excite

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excite someone about something

to stimulate someone about something. I thought our vacation stories would excite her about going, but they did not. She was excited about the trip to Moscow.
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excite something in someone

to arouse something in someone; to arouse someone with something. The horror movie excited a lot of fear in Mike. The smell of jasmine in the warm air excited a romantic streak in me.
See also: excite
References in classic literature ?
I am afraid that I must leave you to your own devices, as the appearance of TWO inquiring strangers upon a sleepy countryside might excite more gossip than I care for.
You know perfectly well which performance excites the loudest cheers, which occupies the prominent place in the newspapers, and which, as a necessary consequence, confers the highest social honors on the hero of the day.
Helena, situated so remote from any continent, in the midst of a great ocean, and possessing a unique Flora, excites our curiosity.
And therefore, I said, as we might expect, there is nothing here which invites or excites intelligence.
Indifference may, perhaps, sometimes yield to it; but the usual triumphs gained by perseverance in a lover are over caprice, prudence, affectation, and often an exorbitant degree of levity, which excites women not over-warm in their constitutions to indulge their vanity by prolonging the time of courtship, even when they are well enough pleased with the object, and resolve (if they ever resolve at all) to make him a very pitiful amends in the end.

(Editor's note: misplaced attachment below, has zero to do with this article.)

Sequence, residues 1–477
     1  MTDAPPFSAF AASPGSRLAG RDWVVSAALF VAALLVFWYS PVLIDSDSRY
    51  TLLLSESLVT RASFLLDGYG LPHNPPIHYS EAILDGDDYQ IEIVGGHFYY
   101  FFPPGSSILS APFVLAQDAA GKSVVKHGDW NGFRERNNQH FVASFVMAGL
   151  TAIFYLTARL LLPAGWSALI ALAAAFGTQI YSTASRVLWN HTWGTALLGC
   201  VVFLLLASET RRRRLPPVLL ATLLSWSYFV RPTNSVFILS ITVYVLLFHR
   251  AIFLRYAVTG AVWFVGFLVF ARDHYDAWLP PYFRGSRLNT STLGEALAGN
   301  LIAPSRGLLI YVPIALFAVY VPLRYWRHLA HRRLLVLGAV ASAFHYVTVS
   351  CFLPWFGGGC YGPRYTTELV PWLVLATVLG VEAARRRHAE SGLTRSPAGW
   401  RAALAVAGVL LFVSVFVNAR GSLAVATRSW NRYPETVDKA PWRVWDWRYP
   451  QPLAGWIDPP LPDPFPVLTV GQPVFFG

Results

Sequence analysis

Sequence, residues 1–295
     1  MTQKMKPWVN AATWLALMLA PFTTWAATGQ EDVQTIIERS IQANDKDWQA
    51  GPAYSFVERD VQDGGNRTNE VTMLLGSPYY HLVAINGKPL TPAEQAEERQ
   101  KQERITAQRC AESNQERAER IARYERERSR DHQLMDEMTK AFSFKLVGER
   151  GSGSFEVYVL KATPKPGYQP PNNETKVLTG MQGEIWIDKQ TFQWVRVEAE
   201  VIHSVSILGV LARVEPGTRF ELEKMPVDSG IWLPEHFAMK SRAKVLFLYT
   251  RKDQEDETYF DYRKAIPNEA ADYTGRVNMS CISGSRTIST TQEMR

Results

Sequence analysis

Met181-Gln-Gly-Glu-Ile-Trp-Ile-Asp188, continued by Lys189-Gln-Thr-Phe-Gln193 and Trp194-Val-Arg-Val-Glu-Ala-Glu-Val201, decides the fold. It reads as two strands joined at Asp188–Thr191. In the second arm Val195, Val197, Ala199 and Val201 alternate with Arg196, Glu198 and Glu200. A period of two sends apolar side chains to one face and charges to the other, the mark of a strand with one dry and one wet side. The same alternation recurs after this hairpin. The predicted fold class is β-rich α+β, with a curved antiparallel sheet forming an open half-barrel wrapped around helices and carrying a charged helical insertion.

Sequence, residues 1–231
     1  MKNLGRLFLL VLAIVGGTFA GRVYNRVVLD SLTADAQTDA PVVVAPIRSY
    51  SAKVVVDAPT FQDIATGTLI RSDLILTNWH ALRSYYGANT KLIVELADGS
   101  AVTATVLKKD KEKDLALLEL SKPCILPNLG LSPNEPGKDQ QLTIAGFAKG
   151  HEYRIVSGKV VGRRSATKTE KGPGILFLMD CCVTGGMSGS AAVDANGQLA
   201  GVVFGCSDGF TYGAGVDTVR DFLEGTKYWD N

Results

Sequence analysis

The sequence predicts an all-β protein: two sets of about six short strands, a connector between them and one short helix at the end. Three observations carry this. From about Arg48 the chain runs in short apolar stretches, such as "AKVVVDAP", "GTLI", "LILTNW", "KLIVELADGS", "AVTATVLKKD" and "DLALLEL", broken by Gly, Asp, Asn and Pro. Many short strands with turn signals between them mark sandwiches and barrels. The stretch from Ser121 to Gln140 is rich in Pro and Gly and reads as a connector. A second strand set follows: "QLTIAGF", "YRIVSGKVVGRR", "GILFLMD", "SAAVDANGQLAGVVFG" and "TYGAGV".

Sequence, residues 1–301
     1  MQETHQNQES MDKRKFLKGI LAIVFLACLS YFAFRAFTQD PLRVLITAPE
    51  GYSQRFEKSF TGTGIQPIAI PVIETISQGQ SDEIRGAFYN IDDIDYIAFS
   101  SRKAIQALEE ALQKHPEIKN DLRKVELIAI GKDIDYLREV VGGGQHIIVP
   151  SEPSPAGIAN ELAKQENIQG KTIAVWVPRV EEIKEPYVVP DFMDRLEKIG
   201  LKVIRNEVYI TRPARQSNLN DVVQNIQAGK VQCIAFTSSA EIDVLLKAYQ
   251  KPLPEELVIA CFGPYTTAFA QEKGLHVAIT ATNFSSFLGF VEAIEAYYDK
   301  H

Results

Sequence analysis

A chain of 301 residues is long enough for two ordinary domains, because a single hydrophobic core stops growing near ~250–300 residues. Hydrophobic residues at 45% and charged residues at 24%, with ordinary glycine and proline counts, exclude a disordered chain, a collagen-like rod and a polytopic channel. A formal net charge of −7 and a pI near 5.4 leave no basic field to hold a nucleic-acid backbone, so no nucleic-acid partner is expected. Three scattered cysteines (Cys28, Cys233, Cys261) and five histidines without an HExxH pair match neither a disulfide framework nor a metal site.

He excites at once my admiration and my pity to an astonishing degree.
This contest excites great interest in the metropolis, sir?
From that contest, Sir, although it may unsettle men's minds and excite their feelings, and render them incapable for the discharge of the everyday duties of ordinary life; from that contest, sir, I will never shrink, till I have set my heel upon the Eatanswill INDEPENDENT.
His frontispiece, boats attacking Sperm Whales, though no doubt calculated to excite the civil scepticism of some parlor men, is admirably correct and life-like in its general effect.
John," she said, "something must be done to discourage Jack's tendency toward anything that may excite the cravings for the savage life which I fear he has inherited from you.
MY DEAREST BARBARA ALEXIEVNA,--I have to tell you that a sad event has happened in this house--an event to excite one's utmost pity.
Of plots: some aim at the life of those who govern, others at their government; the first arises from hatred to their persons; which hatred may be owing to many causes, either of which will be sufficient to excite their anger, and the generality of those who are under the influence of that passion will join in a conspiracy, not for the sake of their own advancement, but for revenge.
The latter are abundantly amusing, and, in view of the wonderful "travellers' tales" with which we have been entertained by African explorers, they can scarcely be considered extravagant; while the ingenuity and invention of the author will be sure to excite the surprise and the admiration of the reader, who will find M.
I do not know that there was anything about them to excite the attention of the curious.
The brother, who appeared at all times to stand in awe of his sister's authority, complied; though it was with a reluctance so evident, as to excite sneers, even among the unobservant and indolent sons of the squatter.